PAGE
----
I recently read an article in called "Through (With) the Looking Glass," where the author, , gave up mirrors for a month. When a friend exposed Autumn's automatic reflex to form a selfie-worthy pose called "mirror face" every time she witnessed her reflection, she realized how intense her "obsessive mirror gazing" had become. Clocking her daily habit of assessing her appearance, she tallied mirror-glances into the mid-20s by noon. As a woman, like most women, whose self-image morphs "from day to day, sometimes from minute to minute," Autumn found that stepping away from the looking glass helped her focus more on the actual life in front of her and free herself of the pressure to love her body more.
"Dropping the hypervigilance to all things Me helped refocus my energies. I found myself being more patient with the slow clerk at the grocery store . . . I jaywalked less and read more--actual books, not online news articles that I'd tear through in a flash . . . I did yoga instead of thinking about doing yoga. I faced away from the mirror at the gym but was suddenly doing more reps with the dumbells." ~ Autumn Whitefield-Madrano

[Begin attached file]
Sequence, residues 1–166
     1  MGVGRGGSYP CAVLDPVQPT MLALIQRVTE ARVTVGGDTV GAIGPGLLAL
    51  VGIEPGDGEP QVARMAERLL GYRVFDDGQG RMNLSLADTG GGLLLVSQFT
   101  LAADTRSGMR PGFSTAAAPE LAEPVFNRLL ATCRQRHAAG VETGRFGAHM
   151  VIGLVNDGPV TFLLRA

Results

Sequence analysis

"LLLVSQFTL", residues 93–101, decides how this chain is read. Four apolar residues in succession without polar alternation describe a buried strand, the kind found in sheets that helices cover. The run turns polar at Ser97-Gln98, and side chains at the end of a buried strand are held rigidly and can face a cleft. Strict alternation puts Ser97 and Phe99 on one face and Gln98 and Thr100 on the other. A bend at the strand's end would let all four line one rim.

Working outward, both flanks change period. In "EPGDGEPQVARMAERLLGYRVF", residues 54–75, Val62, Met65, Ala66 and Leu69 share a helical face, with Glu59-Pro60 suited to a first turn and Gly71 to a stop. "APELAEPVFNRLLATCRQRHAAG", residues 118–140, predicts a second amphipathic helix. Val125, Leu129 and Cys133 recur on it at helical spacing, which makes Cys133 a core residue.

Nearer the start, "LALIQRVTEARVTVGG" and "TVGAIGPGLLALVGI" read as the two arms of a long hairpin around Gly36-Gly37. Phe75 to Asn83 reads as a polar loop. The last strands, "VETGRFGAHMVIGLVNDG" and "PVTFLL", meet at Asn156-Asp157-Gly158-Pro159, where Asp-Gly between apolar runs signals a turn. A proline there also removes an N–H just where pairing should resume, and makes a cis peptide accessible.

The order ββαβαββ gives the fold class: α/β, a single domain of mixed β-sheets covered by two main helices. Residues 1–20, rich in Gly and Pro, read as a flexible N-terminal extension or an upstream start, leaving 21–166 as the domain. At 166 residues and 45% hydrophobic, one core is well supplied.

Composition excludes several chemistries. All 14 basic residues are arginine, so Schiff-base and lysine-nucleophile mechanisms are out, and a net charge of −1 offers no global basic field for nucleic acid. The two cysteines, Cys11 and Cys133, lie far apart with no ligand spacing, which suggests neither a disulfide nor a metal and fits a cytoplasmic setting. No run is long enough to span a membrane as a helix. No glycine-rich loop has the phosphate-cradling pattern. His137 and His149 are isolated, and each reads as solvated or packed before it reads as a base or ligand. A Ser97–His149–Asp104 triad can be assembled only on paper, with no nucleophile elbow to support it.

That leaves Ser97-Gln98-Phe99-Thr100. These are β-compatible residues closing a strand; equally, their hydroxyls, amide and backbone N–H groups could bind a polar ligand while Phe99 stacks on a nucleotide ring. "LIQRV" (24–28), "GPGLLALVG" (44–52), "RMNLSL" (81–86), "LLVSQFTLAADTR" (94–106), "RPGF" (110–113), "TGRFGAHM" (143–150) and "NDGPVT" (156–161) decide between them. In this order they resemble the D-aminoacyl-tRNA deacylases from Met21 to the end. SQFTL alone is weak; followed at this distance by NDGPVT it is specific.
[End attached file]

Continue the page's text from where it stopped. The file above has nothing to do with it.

Autumn's mirror-free month brought her into the present where she could fully immerse herself in experiences sans self-judgment, while healthfully distracting herself from body criticism.
". . . I can't help thinking that the best way to accept how we look might not be to love our bodies so much as to quit thinking about them all the time. Instead of cheerleading my way to a stable body image, I ignored my way to it." ~ Autumn Whitefield-Madrano
Sometimes we feel the need to heal that which bothers us most, but when we try, it's like free climbing up a wall of smooth marble. When I'm ultra-focused on how fat I feel, how little coin is in the bank or how worried I am about everything in general ~ all my issues grow tentacles that choke out the solutions. What if SelfLove is really just taking it easier, gravitating toward what feels good in the moment, moving away from the things that feel hard for now and deep diving into joy whenever we can? Whether it's ditching mirrors for a month, or simply making more of a point to do what we love everyday ~ we can soften the pain points in our lives by giving them less attention.
Donnie Brasco had it right. Perhaps the most SelfLoving thing we can do to feel better about ourselves is just, "Fuggedaboutit."